An extra 1.4 million people, including accountants, could find themselves paying income tax at the higher rate by 2015, according to Grant Thornton.
The UK firm of chartered accountants has calculated that if salaries increase at the rate government economists predict, the UK will have 5.5 million higher rate taxpayers within the next four years. Even if salaries only increase by 2.5%, an additional 700,000 people will find themselves in the higher tax bracket.
Grant Thornton’s senior tax adviser, Mike Warburton, said he used data from the OBR for his analysis, but the 2.5% figure might provide a more appropriate prediction.
Last June, the Chancellor of the Exchequer, George Osborne, announced that he was freezing tax thresholds for three years. The freeze, coupled with increasing salaries, would mean twice as many people would be higher rate taxpayers in 2015 than there were in 1997.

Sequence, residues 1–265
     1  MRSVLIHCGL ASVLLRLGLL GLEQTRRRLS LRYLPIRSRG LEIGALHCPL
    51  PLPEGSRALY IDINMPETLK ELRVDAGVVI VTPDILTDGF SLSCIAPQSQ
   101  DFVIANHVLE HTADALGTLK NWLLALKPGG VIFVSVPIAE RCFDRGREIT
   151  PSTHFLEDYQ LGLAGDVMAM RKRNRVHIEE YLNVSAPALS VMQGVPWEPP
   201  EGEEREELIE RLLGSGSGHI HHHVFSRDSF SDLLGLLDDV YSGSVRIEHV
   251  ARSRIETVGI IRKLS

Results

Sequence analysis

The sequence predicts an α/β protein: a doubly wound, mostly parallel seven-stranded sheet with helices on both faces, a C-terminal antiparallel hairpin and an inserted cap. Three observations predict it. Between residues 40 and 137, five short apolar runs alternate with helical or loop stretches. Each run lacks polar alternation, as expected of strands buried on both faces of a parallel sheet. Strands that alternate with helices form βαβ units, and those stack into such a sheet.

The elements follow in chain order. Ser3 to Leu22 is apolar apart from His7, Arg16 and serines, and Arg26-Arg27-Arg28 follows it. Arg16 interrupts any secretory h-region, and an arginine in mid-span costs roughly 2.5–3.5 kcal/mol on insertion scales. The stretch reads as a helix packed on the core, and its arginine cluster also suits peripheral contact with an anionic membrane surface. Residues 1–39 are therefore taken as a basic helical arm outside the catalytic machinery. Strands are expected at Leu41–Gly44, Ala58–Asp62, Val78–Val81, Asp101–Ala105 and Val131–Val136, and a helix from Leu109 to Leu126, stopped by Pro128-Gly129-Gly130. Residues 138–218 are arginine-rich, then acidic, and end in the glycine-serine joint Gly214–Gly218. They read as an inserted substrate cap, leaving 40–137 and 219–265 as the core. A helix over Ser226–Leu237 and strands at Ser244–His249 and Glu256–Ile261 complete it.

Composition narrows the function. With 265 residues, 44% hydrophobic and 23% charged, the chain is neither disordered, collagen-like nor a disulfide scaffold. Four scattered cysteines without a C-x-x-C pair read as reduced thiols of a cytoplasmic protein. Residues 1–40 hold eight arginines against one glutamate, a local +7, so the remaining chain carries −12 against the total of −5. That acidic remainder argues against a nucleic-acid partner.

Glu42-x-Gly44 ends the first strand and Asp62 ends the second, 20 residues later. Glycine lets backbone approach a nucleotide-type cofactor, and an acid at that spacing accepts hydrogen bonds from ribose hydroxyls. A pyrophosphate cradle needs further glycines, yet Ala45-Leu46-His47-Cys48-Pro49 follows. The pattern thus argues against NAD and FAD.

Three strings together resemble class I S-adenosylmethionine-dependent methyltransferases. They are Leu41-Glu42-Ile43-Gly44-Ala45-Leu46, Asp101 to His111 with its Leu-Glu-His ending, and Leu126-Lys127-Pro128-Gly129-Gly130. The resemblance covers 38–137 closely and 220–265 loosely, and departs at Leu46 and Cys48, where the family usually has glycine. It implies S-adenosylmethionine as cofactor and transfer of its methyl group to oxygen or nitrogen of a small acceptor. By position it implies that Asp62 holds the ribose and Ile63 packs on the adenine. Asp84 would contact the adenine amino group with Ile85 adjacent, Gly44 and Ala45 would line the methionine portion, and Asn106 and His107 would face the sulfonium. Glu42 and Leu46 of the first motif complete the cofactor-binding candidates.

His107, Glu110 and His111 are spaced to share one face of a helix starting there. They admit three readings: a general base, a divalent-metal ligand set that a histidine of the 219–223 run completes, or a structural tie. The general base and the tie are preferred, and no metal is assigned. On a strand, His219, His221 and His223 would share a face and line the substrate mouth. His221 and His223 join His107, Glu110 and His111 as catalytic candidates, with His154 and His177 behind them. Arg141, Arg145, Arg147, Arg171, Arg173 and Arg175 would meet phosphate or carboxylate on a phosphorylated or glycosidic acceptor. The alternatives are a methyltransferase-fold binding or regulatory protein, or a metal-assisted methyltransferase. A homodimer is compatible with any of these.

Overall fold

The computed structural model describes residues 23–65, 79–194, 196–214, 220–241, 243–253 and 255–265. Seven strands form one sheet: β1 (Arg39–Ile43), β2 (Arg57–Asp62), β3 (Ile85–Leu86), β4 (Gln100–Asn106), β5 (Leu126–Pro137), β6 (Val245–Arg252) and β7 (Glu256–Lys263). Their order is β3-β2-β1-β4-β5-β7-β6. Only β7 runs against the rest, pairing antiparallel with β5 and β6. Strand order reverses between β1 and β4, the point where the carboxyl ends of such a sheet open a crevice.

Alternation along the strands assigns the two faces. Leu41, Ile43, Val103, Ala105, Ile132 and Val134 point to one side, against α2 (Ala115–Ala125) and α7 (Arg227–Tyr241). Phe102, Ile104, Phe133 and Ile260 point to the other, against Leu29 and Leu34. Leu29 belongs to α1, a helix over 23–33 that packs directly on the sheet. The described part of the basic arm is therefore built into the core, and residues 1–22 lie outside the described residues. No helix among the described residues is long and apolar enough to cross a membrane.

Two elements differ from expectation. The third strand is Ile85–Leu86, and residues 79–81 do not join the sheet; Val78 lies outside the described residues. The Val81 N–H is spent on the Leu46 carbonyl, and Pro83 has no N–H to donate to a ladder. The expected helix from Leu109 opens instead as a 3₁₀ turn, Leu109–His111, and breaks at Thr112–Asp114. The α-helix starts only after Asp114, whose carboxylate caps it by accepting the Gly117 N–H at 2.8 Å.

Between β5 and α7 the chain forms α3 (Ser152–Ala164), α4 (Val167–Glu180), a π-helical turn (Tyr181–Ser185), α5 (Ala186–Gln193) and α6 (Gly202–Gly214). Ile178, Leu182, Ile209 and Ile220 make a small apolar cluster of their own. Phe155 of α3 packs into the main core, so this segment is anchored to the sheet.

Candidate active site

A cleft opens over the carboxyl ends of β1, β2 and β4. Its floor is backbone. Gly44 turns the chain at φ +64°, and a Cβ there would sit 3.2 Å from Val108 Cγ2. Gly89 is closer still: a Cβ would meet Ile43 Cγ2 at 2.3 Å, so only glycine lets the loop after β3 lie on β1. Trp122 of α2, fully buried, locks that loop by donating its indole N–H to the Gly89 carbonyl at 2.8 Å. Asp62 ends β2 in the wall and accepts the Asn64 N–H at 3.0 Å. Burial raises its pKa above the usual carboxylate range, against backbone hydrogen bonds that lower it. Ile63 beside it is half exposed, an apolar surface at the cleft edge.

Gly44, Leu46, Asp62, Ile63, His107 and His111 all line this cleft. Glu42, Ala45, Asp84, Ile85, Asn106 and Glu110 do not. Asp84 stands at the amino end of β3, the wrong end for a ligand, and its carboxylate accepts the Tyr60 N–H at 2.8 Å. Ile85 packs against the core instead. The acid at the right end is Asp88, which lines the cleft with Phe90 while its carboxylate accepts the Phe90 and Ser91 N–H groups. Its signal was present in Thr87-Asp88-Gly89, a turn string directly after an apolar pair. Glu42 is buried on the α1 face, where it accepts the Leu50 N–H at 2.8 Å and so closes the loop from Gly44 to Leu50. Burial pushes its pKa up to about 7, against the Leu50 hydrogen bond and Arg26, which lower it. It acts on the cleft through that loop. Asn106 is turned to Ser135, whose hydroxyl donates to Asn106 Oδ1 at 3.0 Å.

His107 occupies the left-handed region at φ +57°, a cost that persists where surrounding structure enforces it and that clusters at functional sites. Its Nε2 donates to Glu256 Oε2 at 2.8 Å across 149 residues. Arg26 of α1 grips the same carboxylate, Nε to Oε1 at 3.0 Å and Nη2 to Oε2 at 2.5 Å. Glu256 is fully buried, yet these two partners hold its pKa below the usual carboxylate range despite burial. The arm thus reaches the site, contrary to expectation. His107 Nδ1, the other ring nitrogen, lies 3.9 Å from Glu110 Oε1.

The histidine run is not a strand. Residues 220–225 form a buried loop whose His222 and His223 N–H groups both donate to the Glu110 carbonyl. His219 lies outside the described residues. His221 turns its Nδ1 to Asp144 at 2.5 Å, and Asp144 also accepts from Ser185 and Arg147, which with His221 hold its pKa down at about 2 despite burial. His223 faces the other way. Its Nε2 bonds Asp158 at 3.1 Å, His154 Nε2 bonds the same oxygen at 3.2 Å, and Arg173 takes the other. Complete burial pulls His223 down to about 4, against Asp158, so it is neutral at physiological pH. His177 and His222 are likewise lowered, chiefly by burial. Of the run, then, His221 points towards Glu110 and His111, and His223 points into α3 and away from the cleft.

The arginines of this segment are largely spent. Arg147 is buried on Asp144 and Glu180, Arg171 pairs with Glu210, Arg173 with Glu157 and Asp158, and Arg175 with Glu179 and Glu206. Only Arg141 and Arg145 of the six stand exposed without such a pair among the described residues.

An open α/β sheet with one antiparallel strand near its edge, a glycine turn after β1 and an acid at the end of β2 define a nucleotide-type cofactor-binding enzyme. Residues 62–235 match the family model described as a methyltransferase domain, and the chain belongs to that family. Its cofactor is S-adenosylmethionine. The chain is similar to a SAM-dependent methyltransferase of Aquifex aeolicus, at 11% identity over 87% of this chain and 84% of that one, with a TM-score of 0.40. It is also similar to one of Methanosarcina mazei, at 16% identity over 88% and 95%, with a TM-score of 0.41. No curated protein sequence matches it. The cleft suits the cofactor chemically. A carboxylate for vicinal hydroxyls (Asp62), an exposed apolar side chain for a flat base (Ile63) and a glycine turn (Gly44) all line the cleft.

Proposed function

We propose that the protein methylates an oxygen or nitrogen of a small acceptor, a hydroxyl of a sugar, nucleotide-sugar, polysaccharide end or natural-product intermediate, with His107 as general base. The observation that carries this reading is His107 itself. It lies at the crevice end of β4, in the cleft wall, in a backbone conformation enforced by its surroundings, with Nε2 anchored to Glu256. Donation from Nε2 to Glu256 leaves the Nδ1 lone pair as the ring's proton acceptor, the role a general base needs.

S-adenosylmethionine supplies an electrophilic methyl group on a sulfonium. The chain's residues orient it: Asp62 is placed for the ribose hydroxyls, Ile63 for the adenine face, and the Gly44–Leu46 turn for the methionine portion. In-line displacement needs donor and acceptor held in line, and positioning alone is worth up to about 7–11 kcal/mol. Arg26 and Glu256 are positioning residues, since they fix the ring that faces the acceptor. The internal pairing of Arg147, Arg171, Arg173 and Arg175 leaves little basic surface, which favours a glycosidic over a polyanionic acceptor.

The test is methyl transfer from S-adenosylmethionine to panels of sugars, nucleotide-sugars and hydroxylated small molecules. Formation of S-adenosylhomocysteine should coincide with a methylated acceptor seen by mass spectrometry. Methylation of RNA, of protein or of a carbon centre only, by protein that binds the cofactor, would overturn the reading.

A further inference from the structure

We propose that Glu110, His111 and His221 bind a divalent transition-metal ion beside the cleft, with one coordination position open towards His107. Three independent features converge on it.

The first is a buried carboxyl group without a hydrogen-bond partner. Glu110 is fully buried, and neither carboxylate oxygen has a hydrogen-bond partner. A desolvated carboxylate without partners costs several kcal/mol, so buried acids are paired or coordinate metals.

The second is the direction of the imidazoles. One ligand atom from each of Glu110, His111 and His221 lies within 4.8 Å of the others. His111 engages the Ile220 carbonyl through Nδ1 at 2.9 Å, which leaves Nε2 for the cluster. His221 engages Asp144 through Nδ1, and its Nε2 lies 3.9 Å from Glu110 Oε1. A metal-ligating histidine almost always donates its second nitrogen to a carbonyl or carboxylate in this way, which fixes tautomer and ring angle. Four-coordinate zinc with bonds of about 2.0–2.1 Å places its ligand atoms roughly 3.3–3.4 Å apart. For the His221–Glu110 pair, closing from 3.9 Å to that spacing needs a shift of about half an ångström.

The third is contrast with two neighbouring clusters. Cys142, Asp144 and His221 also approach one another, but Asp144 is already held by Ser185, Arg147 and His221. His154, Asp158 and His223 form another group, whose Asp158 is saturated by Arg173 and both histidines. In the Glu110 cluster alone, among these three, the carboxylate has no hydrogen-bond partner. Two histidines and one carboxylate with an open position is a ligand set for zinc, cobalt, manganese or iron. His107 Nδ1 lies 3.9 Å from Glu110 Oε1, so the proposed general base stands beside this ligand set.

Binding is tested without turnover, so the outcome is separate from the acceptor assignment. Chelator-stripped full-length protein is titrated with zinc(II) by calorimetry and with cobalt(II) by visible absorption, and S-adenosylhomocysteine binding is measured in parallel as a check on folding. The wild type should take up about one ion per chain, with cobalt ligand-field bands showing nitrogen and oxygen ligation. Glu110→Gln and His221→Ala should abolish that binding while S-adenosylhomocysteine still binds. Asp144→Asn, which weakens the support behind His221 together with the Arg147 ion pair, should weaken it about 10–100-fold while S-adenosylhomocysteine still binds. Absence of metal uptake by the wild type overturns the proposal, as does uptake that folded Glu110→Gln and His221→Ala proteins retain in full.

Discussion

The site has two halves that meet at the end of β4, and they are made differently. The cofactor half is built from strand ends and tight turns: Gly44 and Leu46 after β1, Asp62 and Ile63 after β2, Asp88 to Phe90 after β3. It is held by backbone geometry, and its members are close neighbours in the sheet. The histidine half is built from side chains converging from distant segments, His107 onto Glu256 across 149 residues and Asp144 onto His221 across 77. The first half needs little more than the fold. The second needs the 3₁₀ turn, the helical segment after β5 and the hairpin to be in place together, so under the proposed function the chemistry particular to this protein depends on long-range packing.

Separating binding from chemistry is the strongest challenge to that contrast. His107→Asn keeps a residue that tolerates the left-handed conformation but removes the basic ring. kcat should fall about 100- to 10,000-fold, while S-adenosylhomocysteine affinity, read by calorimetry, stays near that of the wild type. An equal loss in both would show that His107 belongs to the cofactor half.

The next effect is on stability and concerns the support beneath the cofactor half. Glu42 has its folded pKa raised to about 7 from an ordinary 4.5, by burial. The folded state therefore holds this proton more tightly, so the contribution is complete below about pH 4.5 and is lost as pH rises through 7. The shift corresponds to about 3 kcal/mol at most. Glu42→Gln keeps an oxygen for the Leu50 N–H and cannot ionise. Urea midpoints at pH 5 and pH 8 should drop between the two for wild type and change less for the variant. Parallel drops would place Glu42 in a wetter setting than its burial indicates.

A spokesman for the Treasury said these calculations had been drawn up using historic figures and the Government is committed to increasing personal allowances in real terms each year.
The threshold for higher rate taxpayers fell from £37,401 in 2010-11 to £35,001 as from April this year. At the time, the IFS estimated that this change would affect 750,000 taxpayers.
Lower rate taxpayers will be hoping that the Government sticks to its aspiration of raising the income tax personal allowance to £10,000 by 2015-16. Whilst this would free an extra one million people from the burden of income tax, 850,000 more would end up paying the higher rate, according to the IFS study.